Kluwer’s Mediation Blog recently published one of the best articles I have read on negotiating in mediation by Bill Marsh, a London based international mediator. The article is entitled Offers in Mediation, Busting the Myths,” is a quick read, and is absolutely worth your time. Click below to go to the article.
The first two points relate to the start of a negotiation and although the article does not use the term anchoring, Marsh’s advice could easily fit within the value this blog has placed on anchoring the negotiation. There is no weakness in going first and if you know where you want to end up, there is value in setting the expectations. An opening offer that has a clearly defined rationale increases the likelihood that the offer will have the desired anchoring affect. I wrote about anchoring here. This won’t be the last article on this subject.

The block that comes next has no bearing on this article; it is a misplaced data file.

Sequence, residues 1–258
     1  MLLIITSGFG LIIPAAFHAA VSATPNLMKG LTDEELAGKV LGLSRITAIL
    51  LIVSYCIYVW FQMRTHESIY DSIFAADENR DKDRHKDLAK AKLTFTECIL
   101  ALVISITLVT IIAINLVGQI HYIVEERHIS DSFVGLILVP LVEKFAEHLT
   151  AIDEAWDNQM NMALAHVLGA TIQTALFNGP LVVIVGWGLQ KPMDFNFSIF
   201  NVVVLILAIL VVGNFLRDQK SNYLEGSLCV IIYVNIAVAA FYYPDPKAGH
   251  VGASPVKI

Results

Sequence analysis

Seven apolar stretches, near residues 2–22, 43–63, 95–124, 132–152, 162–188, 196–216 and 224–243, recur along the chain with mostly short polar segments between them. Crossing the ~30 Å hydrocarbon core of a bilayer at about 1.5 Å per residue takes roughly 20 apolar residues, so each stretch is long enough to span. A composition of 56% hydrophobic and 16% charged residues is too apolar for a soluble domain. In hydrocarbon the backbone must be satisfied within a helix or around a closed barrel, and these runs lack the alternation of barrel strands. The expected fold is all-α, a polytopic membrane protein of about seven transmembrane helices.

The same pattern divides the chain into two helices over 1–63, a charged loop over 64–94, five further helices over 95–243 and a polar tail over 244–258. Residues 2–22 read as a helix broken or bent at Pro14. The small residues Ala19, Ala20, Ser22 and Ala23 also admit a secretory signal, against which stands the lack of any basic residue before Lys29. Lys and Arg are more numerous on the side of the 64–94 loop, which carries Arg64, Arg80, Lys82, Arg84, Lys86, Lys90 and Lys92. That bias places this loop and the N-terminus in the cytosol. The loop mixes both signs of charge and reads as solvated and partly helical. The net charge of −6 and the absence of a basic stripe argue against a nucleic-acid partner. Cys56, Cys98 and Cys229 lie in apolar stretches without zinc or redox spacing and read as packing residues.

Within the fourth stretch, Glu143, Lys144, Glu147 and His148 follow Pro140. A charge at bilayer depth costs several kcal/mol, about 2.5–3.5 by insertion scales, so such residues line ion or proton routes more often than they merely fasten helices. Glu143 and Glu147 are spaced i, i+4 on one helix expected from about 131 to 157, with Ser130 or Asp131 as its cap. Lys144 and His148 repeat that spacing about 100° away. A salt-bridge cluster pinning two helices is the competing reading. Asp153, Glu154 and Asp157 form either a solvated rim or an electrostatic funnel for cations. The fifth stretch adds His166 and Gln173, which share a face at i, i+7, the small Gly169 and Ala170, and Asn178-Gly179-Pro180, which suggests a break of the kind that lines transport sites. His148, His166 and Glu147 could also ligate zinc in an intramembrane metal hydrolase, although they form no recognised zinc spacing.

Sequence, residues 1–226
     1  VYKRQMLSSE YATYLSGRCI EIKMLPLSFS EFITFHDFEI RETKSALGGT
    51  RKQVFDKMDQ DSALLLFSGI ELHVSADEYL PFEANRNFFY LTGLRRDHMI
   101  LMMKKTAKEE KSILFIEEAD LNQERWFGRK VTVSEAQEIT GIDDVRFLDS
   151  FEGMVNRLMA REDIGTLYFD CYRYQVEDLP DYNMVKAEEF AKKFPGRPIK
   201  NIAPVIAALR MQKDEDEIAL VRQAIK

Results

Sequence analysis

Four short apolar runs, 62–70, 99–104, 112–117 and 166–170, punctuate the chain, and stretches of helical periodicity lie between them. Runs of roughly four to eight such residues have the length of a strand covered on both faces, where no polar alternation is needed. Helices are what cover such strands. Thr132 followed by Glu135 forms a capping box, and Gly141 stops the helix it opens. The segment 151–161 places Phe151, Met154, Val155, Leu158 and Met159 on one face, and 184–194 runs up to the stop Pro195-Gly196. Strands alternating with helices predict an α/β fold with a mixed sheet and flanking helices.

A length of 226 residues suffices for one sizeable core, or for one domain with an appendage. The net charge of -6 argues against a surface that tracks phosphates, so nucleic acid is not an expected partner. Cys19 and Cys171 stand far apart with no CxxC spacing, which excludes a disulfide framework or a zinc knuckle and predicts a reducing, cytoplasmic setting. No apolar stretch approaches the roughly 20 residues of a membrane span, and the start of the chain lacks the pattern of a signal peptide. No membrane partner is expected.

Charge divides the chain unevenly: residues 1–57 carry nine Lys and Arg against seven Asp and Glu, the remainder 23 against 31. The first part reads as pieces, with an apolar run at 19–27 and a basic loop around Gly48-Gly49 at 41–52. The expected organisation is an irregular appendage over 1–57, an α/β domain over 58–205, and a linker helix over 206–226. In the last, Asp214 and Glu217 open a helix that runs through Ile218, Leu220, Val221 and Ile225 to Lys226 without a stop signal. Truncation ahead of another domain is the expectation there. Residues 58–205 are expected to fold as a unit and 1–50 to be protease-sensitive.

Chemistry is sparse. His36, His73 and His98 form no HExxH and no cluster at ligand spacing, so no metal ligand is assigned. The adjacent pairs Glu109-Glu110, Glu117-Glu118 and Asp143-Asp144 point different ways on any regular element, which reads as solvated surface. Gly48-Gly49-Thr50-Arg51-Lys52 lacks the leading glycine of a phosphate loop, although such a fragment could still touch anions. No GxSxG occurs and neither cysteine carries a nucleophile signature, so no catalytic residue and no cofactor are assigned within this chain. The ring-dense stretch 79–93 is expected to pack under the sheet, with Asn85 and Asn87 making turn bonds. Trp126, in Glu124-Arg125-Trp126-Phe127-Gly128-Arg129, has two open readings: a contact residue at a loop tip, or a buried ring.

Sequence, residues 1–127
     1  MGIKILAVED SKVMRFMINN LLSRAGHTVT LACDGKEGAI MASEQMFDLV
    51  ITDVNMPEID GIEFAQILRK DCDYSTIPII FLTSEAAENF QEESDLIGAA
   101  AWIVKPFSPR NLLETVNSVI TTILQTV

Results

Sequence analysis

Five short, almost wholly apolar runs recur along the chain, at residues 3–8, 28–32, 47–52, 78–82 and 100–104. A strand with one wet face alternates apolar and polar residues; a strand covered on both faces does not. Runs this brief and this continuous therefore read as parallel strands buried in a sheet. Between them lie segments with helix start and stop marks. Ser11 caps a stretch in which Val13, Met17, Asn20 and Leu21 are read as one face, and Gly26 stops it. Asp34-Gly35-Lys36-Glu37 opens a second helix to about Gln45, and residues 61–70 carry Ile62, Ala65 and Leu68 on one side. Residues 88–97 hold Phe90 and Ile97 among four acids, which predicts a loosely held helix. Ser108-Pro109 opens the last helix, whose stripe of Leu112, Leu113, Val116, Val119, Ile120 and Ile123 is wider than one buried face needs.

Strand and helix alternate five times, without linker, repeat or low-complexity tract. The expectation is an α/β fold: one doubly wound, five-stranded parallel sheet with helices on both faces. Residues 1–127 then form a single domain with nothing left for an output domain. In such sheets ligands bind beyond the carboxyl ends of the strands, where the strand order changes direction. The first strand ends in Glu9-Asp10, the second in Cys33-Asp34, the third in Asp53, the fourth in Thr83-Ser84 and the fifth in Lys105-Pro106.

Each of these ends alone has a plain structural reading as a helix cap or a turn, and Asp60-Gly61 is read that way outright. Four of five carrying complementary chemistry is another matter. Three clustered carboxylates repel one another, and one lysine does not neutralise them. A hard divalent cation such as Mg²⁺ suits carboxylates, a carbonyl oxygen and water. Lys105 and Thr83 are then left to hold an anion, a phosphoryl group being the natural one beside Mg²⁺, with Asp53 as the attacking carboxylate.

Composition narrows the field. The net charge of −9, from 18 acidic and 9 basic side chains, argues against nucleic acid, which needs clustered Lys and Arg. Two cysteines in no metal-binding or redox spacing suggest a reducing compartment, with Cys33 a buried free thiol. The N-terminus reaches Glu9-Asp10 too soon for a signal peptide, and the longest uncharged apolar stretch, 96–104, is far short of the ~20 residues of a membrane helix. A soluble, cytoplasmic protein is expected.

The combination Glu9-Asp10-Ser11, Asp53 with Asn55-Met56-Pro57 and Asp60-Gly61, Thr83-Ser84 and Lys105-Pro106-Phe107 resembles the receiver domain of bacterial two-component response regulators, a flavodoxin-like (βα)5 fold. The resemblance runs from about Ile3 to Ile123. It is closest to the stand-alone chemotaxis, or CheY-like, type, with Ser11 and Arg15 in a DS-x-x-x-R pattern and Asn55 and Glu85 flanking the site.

The use of offers with a clear rationale should not be limited to initial offers, however. As Marsh puts it, rationale increases credibility. Credibility makes it more likely that the other side will respond positively to an offer that is less than they had hoped for.
Marsh talks about the need for credibility, clarity, and respect in your offers. I am not going to try to paraphrase his description but refer you to his insights, with which I completely agree. Progress in negotiations can happen without these things but a palatable resolution is more likely if both parties work toward credibility, clarity, and respect.
There are many ways to build credibility, but it is hard to be heard if you are not listening. As Stephen Covey said in his Seven Habits of Highly Effective People, “Seek First to Understand …” I recently wrote an article on becoming a better listener. Start here.
I cannot offer better advice than this from Marsh’s conclusion:
Offers are a central component of all negotiations, including those in mediation. The judgment calls surrounding them demand serious thought. My plea is simply for that.